Region of Waterloo requests audit of Miller Waste after two fatal pedestrian collisions
A waste collection truck seen on a Kitchener street on Feb. 18, 2021 after a crash involving a pedestrian. (Dan Lauckner / CTV Kitchener)
KITCHENER -- The Region of Waterloo is looking to an independent audit to review the corporate health and safety programs of Miller Waste Systems, following two fatal crashes involving pedestrians.
On Wednesday, council requested an external auditor be retained to conduct the review to ensure the contract terms are being met.
“This is a new tactic for council,” said Regional Chair Karen Redman. “When you have two tragedies like this, we really looked at what is in our purview to do.”
In a statement issued to CTV News, Denis Goulet, the president of Miller Waste Systems, notes the company welcomes the review.
“Miller Waste Systems welcomes and intends to full cooperate with the region in the exercise of their rights to an independent review of our corporate health and safety programs,” said Goulet in the statement. “We are confident that this audit will give Miller Waste, the region and residents alike the comfort of knowing that our health and safety program is compliant with our obligations to the region.”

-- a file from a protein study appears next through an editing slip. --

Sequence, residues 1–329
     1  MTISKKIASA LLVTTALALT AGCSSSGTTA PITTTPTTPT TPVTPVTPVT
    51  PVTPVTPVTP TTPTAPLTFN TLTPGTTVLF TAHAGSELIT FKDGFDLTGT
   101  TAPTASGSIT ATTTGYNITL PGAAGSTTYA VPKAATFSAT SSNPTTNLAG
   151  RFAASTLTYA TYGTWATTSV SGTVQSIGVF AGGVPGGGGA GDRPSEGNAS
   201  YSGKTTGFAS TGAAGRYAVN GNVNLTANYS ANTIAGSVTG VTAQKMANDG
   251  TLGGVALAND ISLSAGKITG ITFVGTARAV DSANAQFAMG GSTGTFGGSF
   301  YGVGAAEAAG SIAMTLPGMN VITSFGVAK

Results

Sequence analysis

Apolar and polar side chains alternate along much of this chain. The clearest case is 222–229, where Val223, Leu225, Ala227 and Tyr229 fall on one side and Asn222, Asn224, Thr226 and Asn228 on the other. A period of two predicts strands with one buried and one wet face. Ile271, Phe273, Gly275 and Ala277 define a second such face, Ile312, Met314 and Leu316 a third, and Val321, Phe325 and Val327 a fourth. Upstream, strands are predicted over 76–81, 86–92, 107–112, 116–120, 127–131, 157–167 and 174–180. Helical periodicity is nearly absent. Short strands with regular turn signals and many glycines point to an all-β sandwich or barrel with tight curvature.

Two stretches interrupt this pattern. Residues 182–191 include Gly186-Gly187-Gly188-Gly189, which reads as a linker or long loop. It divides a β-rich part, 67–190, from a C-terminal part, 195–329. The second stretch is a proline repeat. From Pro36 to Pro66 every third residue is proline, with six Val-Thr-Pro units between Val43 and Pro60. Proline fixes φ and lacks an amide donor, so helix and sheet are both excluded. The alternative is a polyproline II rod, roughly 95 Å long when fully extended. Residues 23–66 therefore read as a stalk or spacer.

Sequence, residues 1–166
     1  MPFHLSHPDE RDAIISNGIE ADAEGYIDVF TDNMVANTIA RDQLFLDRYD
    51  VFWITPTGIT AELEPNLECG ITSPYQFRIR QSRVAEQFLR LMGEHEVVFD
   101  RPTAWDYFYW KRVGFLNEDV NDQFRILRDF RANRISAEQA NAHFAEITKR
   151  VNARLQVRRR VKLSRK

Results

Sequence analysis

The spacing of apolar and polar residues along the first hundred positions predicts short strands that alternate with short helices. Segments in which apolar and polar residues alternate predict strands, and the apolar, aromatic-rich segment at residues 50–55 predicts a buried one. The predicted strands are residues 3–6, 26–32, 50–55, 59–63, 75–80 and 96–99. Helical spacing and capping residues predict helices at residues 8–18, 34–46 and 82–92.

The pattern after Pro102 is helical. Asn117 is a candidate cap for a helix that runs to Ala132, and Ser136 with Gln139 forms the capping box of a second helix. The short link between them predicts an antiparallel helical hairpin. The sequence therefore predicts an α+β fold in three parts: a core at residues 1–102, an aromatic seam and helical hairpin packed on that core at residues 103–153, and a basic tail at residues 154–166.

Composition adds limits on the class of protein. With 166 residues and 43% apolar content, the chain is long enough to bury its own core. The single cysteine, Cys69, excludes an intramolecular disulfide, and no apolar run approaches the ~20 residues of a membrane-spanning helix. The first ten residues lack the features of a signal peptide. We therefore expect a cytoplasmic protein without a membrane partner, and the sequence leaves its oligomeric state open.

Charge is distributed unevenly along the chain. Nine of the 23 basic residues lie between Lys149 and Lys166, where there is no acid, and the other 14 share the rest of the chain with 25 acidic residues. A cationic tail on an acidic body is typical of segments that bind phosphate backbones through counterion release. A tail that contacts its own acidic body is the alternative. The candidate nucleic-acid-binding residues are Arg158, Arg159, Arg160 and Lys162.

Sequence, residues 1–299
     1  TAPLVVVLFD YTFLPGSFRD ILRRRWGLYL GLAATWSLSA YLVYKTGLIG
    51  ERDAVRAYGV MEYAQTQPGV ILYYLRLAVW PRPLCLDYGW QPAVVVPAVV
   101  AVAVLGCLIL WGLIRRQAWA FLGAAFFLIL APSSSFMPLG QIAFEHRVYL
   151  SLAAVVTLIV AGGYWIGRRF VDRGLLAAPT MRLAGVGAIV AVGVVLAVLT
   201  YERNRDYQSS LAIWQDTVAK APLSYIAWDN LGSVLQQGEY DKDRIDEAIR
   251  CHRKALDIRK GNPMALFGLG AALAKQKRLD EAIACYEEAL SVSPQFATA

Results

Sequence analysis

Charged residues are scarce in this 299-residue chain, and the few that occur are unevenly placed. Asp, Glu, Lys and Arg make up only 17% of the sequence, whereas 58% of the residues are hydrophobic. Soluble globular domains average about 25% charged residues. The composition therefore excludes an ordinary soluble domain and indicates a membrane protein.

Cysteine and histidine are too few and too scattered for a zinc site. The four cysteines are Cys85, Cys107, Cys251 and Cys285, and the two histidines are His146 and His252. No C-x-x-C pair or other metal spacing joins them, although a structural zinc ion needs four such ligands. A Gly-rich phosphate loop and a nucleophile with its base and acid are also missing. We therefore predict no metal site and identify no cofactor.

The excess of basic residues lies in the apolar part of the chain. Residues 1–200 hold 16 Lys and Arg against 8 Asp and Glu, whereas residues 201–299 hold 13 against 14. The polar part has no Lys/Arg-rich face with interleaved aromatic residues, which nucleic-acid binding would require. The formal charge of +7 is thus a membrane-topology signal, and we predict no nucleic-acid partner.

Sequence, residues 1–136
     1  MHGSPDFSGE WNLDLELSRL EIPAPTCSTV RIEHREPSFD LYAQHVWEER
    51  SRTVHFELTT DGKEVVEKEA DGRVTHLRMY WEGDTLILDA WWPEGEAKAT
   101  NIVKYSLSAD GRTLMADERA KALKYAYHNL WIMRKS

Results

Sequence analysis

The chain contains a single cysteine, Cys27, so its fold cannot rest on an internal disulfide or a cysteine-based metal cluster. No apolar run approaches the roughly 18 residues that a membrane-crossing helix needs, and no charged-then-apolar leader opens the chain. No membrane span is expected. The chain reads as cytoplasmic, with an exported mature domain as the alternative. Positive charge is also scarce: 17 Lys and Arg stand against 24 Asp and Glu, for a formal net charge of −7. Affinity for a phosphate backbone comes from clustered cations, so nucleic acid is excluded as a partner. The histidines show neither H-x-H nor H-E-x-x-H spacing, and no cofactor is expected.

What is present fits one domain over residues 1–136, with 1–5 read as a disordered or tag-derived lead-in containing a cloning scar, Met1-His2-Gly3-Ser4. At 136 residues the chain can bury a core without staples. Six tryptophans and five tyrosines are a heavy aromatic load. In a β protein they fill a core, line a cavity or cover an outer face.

The independent auditor has not yet been retained by the region as the scope of the work still needs to be finalized. The review could take up to four months and cost between $20,000 and $30,000.
Redman stresses the audit does not presuppose any outcome.
“There are other investigations around these two tragic incidents but, this is something that council could do to ensure the safety of the community,” said Redman.
Only once the audit is completed and presented to council, will members review any potential actionable options according to Redman.
“It’s something council will have to debate and have to decide at the time but, I don’t think we can presuppose what those findings will be,” said Redman.
Nancy Ouellette, 68, died after being struck by a waste collection truck on July 14 while crossing the street with her dog on Tuerr Drive. Months later, a 77-year-old woman died following a collision with a waste collection truck on Tremaine Crescent while crossing the street.
The Waterloo Regional Police Service has charged a 29-year-old Cambridge man with careless driving causing body harm or death and unsafely starting from a stopped position in relation to the incident in July. The investigation into the crash on Tremaine Crescent is ongoing.
The region and Miller Waste Systems agreed to a 7-year contract beginning in 2017 that pays the company between $18-million to $20-million a year.